Egypt's growth to miss forecasts

Egyptian men walk past a bank in Cairo, January 14, 2014.

Egyptian men walk past a bank in Cairo, January 14, 2014.

Published Jan 27, 2014


Cairo - Egypt's economy will only grow by 2.0 percent in the fiscal year ending June 2014, well below the government target of 3.5 percent, according to a Reuters poll of economists who lowered their forecasts once again.

Chances for an economic rebound were hurt by violence and political turmoil after Islamist President Mohamed Mursi was ousted by the army on July 3 after mass protests against him.

The consensus of 10 economists polled by Reuters for 2.0 percent growth in the fiscal year to the end of June 2014 is down sharply from 2.6 percent in a poll conducted in September.

The survey suggested growth would accelerate to 3.3 percent in the year to June 2015, also well behind the government's 4.5 percent target.

Egypt's economy grew a meagre 2.1 percent in the year to end-June 2013.

“In Egypt, pressures on the external position eased in 2013,” said Daniel Kaye at National Bank of Kuwait.

“Along with a slight improvement in the political climate, this has set the stage for a modest acceleration in growth in FY14/15.”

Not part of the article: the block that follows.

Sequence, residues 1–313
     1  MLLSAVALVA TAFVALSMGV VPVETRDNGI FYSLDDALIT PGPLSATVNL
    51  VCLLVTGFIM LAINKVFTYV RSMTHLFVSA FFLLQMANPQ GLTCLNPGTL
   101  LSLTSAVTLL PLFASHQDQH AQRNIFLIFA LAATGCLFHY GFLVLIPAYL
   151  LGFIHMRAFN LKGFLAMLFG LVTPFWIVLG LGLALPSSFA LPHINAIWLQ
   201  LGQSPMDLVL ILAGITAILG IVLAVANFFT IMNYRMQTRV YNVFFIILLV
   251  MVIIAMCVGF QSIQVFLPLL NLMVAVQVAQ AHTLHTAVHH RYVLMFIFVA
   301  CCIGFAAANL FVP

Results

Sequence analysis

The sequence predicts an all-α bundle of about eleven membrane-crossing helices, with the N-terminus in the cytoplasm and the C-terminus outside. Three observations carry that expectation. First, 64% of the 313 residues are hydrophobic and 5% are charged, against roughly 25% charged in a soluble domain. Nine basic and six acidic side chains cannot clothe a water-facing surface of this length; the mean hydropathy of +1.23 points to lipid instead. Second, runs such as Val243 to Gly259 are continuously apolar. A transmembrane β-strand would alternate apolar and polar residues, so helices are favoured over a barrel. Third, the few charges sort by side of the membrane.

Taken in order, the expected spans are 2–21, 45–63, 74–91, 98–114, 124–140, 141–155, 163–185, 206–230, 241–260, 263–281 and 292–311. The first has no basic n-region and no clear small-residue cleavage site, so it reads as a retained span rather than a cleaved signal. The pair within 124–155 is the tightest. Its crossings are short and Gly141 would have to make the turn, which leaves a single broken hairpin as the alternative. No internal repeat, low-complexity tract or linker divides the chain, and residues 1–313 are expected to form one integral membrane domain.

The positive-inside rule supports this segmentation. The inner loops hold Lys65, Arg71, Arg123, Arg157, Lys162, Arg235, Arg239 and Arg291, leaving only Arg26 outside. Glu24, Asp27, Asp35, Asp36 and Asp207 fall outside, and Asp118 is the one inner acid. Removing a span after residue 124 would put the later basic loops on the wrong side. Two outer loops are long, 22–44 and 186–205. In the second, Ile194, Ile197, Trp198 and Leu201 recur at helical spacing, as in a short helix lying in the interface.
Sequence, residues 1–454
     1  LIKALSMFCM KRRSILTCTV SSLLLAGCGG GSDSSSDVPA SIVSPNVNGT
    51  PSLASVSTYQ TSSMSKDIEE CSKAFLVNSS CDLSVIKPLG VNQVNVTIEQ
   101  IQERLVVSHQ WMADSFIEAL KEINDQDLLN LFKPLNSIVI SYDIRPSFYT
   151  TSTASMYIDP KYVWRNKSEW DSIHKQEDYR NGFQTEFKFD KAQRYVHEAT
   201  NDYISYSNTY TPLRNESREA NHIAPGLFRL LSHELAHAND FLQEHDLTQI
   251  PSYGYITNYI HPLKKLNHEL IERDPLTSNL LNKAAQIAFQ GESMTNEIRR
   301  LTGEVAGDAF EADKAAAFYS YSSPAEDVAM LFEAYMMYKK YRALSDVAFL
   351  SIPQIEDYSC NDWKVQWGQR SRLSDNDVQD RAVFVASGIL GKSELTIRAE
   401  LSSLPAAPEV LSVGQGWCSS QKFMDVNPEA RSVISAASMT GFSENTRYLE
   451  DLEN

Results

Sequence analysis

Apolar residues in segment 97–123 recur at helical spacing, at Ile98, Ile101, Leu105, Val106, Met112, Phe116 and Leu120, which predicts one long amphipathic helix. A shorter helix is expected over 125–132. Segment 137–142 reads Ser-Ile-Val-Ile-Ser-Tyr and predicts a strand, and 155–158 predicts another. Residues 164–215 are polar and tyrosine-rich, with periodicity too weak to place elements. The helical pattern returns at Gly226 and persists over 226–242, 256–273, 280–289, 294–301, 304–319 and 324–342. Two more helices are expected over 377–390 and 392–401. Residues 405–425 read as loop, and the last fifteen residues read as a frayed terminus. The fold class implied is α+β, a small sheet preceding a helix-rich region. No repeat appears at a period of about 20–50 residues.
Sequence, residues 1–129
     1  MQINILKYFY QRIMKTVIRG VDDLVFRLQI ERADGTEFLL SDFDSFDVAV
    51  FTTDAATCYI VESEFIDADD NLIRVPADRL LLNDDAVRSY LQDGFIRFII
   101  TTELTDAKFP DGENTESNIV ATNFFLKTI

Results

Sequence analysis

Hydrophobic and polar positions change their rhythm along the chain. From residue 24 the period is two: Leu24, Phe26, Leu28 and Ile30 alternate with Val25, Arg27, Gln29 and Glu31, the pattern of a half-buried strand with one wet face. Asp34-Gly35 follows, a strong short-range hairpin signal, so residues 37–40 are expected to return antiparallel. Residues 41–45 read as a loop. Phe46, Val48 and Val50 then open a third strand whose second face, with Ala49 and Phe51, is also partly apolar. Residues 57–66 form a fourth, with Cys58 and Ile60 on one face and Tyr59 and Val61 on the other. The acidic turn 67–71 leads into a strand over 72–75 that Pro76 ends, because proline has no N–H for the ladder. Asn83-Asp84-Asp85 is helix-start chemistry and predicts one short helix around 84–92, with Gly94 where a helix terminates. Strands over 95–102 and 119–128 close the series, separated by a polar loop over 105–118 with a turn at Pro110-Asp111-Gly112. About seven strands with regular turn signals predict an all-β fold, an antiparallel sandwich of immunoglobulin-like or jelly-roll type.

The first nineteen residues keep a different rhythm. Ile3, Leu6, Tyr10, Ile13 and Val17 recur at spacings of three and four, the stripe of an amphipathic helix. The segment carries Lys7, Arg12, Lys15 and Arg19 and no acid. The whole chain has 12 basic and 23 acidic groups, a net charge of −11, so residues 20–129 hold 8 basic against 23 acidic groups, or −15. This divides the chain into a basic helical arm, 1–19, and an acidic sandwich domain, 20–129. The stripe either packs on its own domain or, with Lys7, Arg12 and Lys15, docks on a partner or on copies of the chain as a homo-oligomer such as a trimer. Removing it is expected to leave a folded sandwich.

Supported by more than $12 billion in Gulf aid, Egypt introduced a 30 billion Egyptian pound ($4.3 billion) stimulus package in 2013 and plans to launch another one of about the same size later this month.

However, political turmoil also made it less likely the government would make early cuts in energy subsidies, which make up 20 percent of state spending, preventing it from directing resources to investment.

Before the 2011 uprising that toppled autocrat President Hosni Mubarak, the economy grew at about 6-7 percent annually for several years.

Even that pace was barely enough to produce work for the number of Egyptian youths entering the job market.

Three years of political uncertainty and protests have hit Egypt's tourism industry, traditionally one of the country's biggest source of foreign currency.

Protests in late 2012 sparked a run on the currency that cost the central bank billions of dollars to bring under control.

On Monday, the central bank announced an exceptional auction to sell $1.5 billion.

The latest poll forecast that the Egyptian pound would weaken to 6.99 to the dollar by end-June and to 7.29 by end-June 2015.

On Monday, the pound was trading at 6.96 to the dollar officially in a bureau de change in Cairo and at 7.37 on the black market, according to a trader.

The poll predicted that inflation would reach 9.5 percent, both in 2013/14 and the following fiscal year, slightly lower than forecasts of 9.6 and 9.8 percent in the last survey.

Urban inflation stood at 11.7 percent in the year to December 2013, up from 9.5 percent a year earlier.

It reached 13 percent in November 2013. - Reuters

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